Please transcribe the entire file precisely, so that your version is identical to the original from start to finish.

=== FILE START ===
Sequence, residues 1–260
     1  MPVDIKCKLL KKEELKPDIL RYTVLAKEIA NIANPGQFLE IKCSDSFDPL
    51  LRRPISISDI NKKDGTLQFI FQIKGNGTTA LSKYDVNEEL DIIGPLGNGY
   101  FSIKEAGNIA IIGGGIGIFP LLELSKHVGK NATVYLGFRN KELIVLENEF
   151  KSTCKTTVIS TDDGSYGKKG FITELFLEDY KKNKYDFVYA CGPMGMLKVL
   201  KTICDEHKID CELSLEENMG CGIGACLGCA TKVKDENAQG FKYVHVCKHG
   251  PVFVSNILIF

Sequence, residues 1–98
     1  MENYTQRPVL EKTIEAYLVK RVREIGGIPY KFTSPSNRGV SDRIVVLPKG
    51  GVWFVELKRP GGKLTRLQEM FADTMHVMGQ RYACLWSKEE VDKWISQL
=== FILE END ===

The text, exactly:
Sequence, residues 1–260
     1  MPVDIKCKLL KKEELKPDIL RYTVLAKEIA NIANPGQFLE IKCSDSFDPL
    51  LRRPISISDI NKKDGTLQFI FQIKGNGTTA LSKYDVNEEL DIIGPLGNGY
   101  FSIKEAGNIA IIGGGIGIFP LLELSKHVGK NATVYLGFRN KELIVLENEF
   151  KSTCKTTVIS TDDGSYGKKG FITELFLEDY KKNKYDFVYA CGPMGMLKVL
   201  KTICDEHKID CELSLEENMG CGIGACLGCA TKVKDENAQG FKYVHVCKHG
   251  PVFVSNILIF

Sequence, residues 1–98
     1  MENYTQRPVL EKTIEAYLVK RVREIGGIPY KFTSPSNRGV SDRIVVLPKG
    51  GVWFVELKRP GGKLTRLQEM FADTMHVMGQ RYACLWSKEE VDKWISQL